class consciousness and the american psyche

class consciousness

“Quando dou comida aos pobres chamam-me santo.  Quando pergunto por que eles são pobres chamam-me de comunista.”

-Hélder Câmara, Archbishop of Recife

America has a problem with class.  This is not to say that Americans are uncouth or have a penchant for truancy, but rather that the American public, as a whole, has a difficult time conceptualizing, recognizing, and coming to terms with the notion of different socioeconomic classes.  So long has the ideal of America as a middle-class nation been bantered about that it has been burned indelibly into our collective psyche and become a core tenet of how we envision ourselves.  In a 2008 poll conducted by the Pew Research Center, thousands of Americans were asked to describe themselves according to the class they most strongly identified with.  The result?  Well, only 2% described themselves as upper class, while 6% described themselves as lower class.  A whopping 91% identified themselves as some type of middle class (including “upper-middle” and “lower-middle”)[1].  What this means is that within our society, both individuals living below the federal poverty level and individuals making in excess of $250,000 a year consider themselves to be members of the loosely defined middle class[2].

It’s not difficult to understand this attitude given the historical context of the past hundred years.  For many alive today, the idea of social class is inextricably tied to communism and the various leftist revolutions of the 20th century.  The oppression wrought by the Bolsheviks or the Communist Party of China is still a recent memory, and it stands in sharp contrast to the ideals that America was founded on.  While they preached the revolt of the proletariat against the oppressive bourgeoisie, we celebrated a land where all men are created equal.  To stamp a person with the label of class was to set them apart, define them as “other,” and devalue their worth accordingly.  It is all too understandable, then, that even amongst well-intentioned individuals today, discussions of social class in this country are met with the skeptical framing of “class warfare” or “punishing success.”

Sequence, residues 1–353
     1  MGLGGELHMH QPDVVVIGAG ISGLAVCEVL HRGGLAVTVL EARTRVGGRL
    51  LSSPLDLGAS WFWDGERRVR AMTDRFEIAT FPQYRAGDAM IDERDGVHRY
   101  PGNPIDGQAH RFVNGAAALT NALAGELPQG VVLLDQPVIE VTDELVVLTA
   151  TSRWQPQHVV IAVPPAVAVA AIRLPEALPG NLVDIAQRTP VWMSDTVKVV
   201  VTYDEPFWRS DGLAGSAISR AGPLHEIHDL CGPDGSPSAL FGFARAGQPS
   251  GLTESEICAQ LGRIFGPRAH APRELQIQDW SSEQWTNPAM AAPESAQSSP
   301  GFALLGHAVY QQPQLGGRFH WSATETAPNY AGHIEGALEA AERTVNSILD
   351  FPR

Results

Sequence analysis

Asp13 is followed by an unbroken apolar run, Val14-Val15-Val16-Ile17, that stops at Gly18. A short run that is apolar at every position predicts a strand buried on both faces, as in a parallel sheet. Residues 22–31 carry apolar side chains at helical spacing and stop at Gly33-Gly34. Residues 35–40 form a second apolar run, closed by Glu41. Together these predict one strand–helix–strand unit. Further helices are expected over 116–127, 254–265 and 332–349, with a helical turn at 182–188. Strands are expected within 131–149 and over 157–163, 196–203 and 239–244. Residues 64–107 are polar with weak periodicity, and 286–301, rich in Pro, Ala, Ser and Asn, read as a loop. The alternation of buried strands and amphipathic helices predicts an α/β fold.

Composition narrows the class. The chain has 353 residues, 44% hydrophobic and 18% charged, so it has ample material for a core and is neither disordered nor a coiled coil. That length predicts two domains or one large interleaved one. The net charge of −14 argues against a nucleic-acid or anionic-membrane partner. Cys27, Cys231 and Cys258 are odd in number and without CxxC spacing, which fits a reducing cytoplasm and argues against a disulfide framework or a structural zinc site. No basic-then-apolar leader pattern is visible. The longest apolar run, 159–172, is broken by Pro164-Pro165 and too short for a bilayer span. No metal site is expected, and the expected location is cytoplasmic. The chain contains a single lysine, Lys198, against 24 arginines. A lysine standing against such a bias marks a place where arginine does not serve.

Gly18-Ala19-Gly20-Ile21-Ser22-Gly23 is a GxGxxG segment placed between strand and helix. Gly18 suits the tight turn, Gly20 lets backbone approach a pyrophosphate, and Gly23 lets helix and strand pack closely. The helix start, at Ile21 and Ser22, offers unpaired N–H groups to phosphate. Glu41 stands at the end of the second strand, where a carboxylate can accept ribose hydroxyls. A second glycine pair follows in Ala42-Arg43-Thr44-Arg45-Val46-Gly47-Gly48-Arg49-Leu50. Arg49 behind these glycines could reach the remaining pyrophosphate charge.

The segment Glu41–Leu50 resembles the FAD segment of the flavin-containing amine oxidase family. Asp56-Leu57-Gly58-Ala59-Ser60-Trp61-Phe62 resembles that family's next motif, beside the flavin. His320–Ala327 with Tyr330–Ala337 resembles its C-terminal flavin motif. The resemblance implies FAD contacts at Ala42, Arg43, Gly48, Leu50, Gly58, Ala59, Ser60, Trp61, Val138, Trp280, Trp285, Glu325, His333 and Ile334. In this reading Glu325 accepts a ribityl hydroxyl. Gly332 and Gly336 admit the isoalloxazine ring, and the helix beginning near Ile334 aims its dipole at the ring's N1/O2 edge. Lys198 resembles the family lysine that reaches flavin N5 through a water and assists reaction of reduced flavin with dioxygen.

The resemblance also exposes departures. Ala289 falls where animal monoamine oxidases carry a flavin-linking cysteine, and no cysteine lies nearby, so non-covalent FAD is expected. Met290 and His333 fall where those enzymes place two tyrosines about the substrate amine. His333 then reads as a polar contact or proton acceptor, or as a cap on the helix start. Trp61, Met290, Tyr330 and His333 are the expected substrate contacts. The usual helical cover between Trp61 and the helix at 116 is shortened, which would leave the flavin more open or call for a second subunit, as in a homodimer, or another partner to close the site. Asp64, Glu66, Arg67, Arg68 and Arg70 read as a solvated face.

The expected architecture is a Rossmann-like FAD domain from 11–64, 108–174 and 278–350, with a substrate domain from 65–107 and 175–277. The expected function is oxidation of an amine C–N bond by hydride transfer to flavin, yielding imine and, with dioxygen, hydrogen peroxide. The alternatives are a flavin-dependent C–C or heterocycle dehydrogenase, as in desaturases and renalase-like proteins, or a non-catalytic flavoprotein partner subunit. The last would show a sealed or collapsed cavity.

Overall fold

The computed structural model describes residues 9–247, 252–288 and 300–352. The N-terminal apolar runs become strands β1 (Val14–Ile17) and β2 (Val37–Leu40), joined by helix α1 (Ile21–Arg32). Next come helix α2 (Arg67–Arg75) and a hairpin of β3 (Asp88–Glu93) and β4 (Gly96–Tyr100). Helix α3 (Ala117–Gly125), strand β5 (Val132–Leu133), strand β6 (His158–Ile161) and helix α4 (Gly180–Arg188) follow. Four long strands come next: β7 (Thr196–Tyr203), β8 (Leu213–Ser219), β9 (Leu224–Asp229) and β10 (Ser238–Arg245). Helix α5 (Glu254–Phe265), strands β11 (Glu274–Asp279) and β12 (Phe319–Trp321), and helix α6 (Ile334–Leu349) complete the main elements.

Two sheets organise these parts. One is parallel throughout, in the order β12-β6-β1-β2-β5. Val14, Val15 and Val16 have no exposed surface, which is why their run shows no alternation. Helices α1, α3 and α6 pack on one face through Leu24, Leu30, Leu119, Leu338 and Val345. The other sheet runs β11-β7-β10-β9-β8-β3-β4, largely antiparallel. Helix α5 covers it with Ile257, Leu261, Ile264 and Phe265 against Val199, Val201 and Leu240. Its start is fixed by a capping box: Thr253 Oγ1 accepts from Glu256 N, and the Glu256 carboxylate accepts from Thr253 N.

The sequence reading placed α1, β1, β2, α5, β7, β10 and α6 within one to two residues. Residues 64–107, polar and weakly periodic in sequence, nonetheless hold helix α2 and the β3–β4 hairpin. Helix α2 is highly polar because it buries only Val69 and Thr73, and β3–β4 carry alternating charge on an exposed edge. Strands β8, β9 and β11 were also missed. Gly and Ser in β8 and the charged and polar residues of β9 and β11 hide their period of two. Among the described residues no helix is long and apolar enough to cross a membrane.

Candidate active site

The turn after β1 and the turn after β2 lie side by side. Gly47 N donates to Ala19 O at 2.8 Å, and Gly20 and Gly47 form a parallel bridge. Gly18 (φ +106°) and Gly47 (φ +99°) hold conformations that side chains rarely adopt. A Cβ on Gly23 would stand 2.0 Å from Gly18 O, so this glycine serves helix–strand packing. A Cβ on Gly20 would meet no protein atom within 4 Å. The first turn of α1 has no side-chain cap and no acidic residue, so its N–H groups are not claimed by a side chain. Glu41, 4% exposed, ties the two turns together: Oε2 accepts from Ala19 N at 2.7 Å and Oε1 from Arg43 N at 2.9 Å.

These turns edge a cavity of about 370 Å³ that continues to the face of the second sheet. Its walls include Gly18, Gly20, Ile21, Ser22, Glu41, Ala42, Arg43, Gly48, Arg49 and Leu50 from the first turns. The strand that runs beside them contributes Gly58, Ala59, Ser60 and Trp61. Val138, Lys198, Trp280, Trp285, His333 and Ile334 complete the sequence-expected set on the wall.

But is this actually a problem?  If the rejection of class as a core element of our social structure is such a fundamentally American belief, why should this attitude concern us?  The quote with which this post began roughly translates as, “When I give food to the poor, men call me a saint.  When I ask why they are poor, they call me a communist.”  First uttered by a Roman Catholic Archbishop serving in Brazil, it encapsulates his frustration with the resistance he encountered when trying to meaningfully assess the plight of the poor.  You see, our refusal to acknowledge socioeconomic classes does not suddenly negate their existence.  On the contrary, in doing so we turn a blind eye to the complexities of the reality we face.  We live in a society in which great wealth and great poverty are juxtaposed, and our estimation of equality rings hollow unless it is matched by the sincerity of our actions to that end.

This is not a reorientation that will be accomplished overnight by executive order or a piece of legislation.  It is a slow, subtle understanding that needs to take hold if we are to continue to move our society forward in an intelligent and compassionate manner.  To be clear, a healthy understanding of socioeconomic class is not a fostering of antagonism towards those of dissimilar status.  It is not encouraging an adversarial society,  and above all, it is not the dehumanizing of the “other” simply because they are different.  Rather, it means acknowledging that we are not a homogeneous people.  We are a society comprised of individuals with very different needs, abilities, advantages, and shortcomings.  It means that some of us face much more dire circumstances than others, and it means that some of us have been blessed with the resources to help.  I hope in the future to write more about inequality in the United States today, but before any of this can inform our policy, it must first take root in our consciousness.  We must be willing to come to terms with the complexity and the disparity of the problems facing individuals today if we are serious in our pursuit of that timeless ideal that all men are created equal.


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